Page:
Reversing the Immaterial Sense of a Nonplace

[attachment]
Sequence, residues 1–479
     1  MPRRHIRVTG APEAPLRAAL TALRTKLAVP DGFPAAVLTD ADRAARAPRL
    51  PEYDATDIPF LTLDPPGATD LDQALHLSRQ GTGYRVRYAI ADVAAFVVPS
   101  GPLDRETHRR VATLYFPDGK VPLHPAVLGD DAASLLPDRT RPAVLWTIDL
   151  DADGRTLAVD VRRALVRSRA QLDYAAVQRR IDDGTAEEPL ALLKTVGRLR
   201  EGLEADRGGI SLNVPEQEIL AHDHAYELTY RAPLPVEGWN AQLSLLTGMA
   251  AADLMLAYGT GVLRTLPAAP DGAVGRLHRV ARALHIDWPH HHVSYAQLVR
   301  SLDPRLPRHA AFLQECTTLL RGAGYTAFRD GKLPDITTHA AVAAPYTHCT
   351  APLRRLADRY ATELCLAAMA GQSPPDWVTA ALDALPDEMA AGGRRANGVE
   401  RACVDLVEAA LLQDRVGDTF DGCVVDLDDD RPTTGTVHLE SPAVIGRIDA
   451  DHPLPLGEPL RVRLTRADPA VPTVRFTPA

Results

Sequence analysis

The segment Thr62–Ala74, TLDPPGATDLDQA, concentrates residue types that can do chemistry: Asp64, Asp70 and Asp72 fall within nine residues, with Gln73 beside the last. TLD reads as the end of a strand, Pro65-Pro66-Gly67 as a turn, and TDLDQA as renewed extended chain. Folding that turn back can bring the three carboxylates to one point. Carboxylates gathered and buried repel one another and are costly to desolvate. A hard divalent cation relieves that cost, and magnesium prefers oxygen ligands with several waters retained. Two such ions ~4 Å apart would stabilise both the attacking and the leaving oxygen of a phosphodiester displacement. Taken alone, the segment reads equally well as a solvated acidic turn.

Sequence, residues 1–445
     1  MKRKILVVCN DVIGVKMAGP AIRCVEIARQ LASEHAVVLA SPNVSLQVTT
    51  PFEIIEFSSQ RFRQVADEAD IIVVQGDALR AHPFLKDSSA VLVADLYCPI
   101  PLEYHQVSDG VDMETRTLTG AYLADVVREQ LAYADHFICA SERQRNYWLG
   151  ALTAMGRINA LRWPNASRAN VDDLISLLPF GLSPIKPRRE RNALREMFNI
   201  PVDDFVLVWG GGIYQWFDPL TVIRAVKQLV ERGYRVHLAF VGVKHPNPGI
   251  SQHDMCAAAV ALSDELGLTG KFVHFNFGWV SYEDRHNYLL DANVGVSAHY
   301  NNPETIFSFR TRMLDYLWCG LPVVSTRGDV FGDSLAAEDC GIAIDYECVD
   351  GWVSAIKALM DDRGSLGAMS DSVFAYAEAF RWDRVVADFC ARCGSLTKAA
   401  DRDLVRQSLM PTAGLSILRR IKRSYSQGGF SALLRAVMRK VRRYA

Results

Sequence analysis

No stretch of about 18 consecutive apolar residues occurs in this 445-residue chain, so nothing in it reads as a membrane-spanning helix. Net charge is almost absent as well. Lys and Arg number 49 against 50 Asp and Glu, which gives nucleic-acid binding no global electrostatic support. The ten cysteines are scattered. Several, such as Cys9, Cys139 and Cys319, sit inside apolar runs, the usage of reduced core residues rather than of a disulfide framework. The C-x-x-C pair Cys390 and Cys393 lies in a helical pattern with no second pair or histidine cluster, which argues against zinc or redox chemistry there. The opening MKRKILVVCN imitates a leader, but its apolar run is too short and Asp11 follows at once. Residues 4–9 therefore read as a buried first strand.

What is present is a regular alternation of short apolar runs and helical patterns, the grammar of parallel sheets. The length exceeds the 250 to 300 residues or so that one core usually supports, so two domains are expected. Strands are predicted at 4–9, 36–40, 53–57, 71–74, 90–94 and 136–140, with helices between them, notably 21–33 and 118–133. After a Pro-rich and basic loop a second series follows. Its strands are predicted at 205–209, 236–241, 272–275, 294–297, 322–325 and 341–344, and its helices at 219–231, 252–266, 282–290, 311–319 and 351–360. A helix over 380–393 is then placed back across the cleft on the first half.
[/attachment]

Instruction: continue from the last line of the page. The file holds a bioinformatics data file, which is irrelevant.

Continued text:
This article explores the Brussels metro as a nonplace and considers the impact of blindness on nonplace. In discussing the immateriality of the metro, this article focuses on the experience of metro-time as “waiting and anticipation” and metro-space as “alone-together.” Along with this, the notion of a dialogue with blindness is introduced into this nonplace. We explore the relation between metro and blindness as dialogue: the meeting and aversion of two actors in the particular context of the Brussels metro. In this, the authors identify how the investment of particular agents makes the metro space more malleable. Two strategies are used, one considers the different world in which blind people live and experience spatial environments, thus suggesting the invasion of “another world” into a nonplace. The second strategy considers embodiment and performance, and how contextual features afford new representations and pathways through and into a nonplace. At the core of this work is an argument that illustrates how the dialogue between blindness and public space can reverse the quality of the immaterial sense of a nonplace. The ethnographic work that serves as the background for this article is twofold. First, observation of daily travel on the metro brings an understanding of the general characteristics of the metro system, which includes human interaction/s and performance. Second, through observation and documentation of a group of disability advocates, educators, designers, and planners worked together to create a more accessible metro system for people who are blind and visually impaired. Finally, it is argued that fundamentally, a dialogue with disability reverses the immaterial sense of a nonplace. The potential of blindness in reversing the metro’s nonplace qualities stems from the articulation of a sensory vulnerability in a time where vision has achieved a dominant position. Blindness-as-vulnerability is a significant agent for intra-action in the Brussels metro system, making it a safer environment, a more tactile environment, and one where information is added for the benefit of a particular group and also extending to all people.